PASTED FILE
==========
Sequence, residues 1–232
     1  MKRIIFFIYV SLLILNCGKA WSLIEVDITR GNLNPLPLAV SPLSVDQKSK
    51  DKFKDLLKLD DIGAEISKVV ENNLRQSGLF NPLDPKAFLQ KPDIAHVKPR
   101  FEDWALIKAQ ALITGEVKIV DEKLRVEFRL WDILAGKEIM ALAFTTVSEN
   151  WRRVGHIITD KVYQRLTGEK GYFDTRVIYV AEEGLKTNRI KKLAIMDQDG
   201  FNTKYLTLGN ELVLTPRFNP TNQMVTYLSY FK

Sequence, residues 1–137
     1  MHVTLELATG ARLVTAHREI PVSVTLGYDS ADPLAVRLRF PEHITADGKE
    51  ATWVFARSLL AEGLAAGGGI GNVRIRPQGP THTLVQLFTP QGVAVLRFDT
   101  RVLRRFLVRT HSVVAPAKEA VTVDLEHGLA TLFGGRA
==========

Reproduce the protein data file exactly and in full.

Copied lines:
Sequence, residues 1–232
     1  MKRIIFFIYV SLLILNCGKA WSLIEVDITR GNLNPLPLAV SPLSVDQKSK
    51  DKFKDLLKLD DIGAEISKVV ENNLRQSGLF NPLDPKAFLQ KPDIAHVKPR
   101  FEDWALIKAQ ALITGEVKIV DEKLRVEFRL WDILAGKEIM ALAFTTVSEN
   151  WRRVGHIITD KVYQRLTGEK GYFDTRVIYV AEEGLKTNRI KKLAIMDQDG
   201  FNTKYLTLGN ELVLTPRFNP TNQMVTYLSY FK

Sequence, residues 1–137
     1  MHVTLELATG ARLVTAHREI PVSVTLGYDS ADPLAVRLRF PEHITADGKE
    51  ATWVFARSLL AEGLAAGGGI GNVRIRPQGP THTLVQLFTP QGVAVLRFDT
   101  RVLRRFLVRT HSVVAPAKEA VTVDLEHGLA TLFGGRA